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Ivy Conduit House was constructed in 1538-40,
        as part of a new system to provide
        Hampton Court Palace with water.

SERIAC 2016

South East Regional
Industrial Archaeology
Conference 2016

Saturday 23 April 2016

hosted by
Surrey Industrial History Group
at Holy Cross Preparatory School, Kingston upon Thames

Programme:
1000-1005 Welcome Bob Bryson, SIHG Chairman
1005-1050 Southern Industrial History: a Different Perspective Dr Geoffrey Mead, SIAS
1050-1100 Comfort Break
1100-1145 Iron Production in the Eighteenth Century Weald Jeremy Hodgkinson, WIRG
1145-1230 Papermaking - History and Development Phil Crockett, BAPH
1230-1400 Lunch Break (with opportunity to view the Ivy Conduit House in the school grounds)
1400-1445 What happened at Merstham? - A Square Mile of Industrial Archaeology in East Surrey Paul Sowan, Sub Brit
1445-1530 Ten Green Bottles - the Demise of the Gasholder? Malcolm Tucker, GLIAS
1530-1600 Tea Break
1600-1645 Researching Berkshire’s Watermills and their Industries Sheila Viner, SERIAC Bursary Holder
1645-1700 Closing remarks


Reports of the Talks

SERIAC 2016 was held in the sumptuous surroundings of Holy Cross Preparatory School, off Kingston Hill, hosted by Surrey Industrial History Group.

The welcome was by Bob Bryson, chairman of SIHG, and the first presentation was by Dr Geoffrey Mead of the Sussex Industrial Archaeology Society entitled Southern Industrial History: a different perspective. Dr Mead outlined the progress of industry through southern England with flint mining in Devon in the Stone Age, iron smelting in the Iron Age, brick and tile manufacture in the Roman era, pottery in the Mediaeval period, then glass making. The sixteenth century brought silk weaving by immigrants, string manufacture for hop cultivation and metal work for arms manufacture. The growth of the leisure industry brought piers and fishing and better roads as the rich of the South East needed to get to the seaside! Heavy industry was represented by electrical machine manufacture and the locomotive works at Brighton. The twentieth century brought the shopping industry and the twenty first the knowledge industry at universities. Mention was also made of the now defunct copperas industry of Portslade. (Copperas is a green vitriol used mainly for dyeing.)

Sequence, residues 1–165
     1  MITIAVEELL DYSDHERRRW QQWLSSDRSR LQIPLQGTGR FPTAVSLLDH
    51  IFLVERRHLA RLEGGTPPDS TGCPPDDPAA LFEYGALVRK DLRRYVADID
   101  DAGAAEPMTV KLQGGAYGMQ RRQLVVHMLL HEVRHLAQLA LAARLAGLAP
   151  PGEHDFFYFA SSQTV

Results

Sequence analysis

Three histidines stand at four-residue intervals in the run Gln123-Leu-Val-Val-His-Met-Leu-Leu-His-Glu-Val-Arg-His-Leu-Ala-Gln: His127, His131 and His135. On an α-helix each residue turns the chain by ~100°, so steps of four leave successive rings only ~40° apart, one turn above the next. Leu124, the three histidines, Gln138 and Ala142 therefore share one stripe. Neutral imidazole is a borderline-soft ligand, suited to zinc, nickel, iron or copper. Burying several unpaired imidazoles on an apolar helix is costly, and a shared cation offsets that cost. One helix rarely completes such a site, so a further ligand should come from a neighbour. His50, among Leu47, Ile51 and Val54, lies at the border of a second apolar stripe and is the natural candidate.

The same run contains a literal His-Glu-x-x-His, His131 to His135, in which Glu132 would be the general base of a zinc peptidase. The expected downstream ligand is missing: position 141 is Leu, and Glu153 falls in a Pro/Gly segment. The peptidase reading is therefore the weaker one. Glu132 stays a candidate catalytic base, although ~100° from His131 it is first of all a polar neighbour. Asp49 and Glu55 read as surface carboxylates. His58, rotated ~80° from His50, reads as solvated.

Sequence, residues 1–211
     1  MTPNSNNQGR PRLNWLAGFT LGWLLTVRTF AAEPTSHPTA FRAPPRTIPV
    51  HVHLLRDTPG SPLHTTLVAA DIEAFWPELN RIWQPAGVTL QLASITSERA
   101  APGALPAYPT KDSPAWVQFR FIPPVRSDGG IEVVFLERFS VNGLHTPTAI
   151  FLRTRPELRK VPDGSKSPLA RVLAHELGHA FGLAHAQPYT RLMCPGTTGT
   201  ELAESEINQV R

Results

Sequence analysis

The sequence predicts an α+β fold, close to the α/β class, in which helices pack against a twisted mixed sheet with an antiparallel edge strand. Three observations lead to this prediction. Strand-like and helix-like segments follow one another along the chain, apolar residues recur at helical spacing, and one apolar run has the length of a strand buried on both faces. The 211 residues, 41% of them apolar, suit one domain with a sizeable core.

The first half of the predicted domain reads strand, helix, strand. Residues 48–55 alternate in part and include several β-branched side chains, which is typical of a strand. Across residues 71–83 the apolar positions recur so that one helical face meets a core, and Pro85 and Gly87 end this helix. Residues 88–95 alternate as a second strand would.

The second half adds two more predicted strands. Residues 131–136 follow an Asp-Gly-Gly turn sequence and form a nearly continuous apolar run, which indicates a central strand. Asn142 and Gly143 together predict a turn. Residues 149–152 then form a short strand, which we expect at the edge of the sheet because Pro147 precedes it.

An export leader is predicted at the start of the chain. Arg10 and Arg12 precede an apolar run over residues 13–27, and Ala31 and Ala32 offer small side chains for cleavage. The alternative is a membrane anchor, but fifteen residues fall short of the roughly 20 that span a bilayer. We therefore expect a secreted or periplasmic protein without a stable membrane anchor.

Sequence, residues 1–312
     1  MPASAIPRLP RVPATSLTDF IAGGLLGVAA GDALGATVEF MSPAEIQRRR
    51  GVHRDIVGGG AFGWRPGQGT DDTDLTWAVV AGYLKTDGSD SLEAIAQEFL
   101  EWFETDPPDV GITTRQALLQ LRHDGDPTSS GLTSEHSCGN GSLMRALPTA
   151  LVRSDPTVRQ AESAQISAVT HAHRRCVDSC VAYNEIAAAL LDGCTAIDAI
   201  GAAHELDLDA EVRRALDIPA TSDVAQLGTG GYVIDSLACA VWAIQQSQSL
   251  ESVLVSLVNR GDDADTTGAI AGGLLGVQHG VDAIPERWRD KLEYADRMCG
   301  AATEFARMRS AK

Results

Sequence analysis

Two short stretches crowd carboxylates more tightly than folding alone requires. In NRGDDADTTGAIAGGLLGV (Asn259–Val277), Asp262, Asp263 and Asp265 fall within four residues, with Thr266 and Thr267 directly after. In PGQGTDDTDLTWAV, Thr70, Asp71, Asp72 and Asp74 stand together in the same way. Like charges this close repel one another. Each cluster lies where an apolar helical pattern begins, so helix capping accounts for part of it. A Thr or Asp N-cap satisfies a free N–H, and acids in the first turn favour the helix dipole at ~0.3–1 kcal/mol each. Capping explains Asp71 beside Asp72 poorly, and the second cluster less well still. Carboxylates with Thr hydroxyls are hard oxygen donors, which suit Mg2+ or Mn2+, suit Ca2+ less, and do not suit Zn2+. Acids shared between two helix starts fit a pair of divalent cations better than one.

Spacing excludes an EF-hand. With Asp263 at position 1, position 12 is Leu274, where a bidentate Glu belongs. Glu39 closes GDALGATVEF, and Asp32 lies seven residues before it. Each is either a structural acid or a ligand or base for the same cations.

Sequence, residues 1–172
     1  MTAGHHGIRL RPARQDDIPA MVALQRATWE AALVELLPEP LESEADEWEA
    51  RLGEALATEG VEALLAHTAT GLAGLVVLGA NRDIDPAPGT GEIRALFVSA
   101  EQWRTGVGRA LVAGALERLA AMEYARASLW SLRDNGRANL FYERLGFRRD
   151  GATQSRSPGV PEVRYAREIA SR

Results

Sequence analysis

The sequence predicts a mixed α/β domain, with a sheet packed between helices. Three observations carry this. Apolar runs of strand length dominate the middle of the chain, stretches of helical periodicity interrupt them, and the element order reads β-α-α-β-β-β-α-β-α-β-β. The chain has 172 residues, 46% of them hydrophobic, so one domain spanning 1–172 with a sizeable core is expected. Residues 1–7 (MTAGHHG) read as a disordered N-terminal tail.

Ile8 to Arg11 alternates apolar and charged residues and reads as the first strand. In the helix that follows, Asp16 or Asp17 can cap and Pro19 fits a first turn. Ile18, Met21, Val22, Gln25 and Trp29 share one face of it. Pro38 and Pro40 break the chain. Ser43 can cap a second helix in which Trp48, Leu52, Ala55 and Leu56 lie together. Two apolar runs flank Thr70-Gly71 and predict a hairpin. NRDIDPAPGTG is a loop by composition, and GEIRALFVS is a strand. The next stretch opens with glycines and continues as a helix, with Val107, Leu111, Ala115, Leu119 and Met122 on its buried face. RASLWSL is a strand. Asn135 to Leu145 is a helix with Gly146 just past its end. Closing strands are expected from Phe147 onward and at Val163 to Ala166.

Next, Jeremy Hodgkinson of the Wealden Iron Research Group spoke about iron production in the eighteenth century Weald. One highlight was the description of water-wheel powered bellows for seventeenth century furnaces, whose power output was measured in puffs per minute - 12 ppm was a good average. The wheel had to turn slower than for a corn mill. Another was the revelation that cannons produced during the Dutch Wars were sold to the Dutch.

The last presentation of the morning was from Phil Crockett of the British Association of Paper Historians entitled Papermaking - history and development. It is an industry of which the theory has changed little over many centuries, but the mechanisation of the process and the increase in quantity has changed out of all proportion.

We were encouraged to visit the Ivy (or Bush) Conduit House in the grounds of the school. The three conduit houses of Coombe were part of the water supply to Hampton Court Palace, built around the 1520s and not switched off until 1876. The three springs harnessed by the conduit houses lay on land owned by Merton Priory. A very useful booklet about the water supply was on sale. The building that now houses the school was probably built as the home of the father of the author John Galsworthy.

After lunch, Paul Sowan of Subterranea Britannica took us through his closely-typed handout What happened at Merstham: a square mile of industrial archaeology in East Surrey. The area has been much altered by roads and railways exploiting the Merstham Gap, a dip in the South Downs allowing a way through for mineral traffic from the south.

Next, Malcolm Tucker of the Greater London Industrial Archaeology Society gave a presentation entitled Ten Green Bottles - the demise of the gasholder? Gasholders were in use from 1813 to 2014 and their development revealed a fascinating variety of types. Many classic examples were lost before it was appreciated that they were worth saving.

The final presentation was by Sheila Miles Viner entitled Researching Berkshire’s Watermills and their Industries. Sheila had been awarded a bursary by SERIAC for her research. She has studied over 180 sites, the oldest being a Roman vertical wheel and a Saxon horizontal wheel. She scampered through the most significant, most notably one at Eton that was converted to supply a fountain at Windsor Castle, and Shenfield Mill on the River Kennet that was owned by Kate Bush.

The above accounts are by Peter Cousins of the Wandle Industrial Museum, with thanks.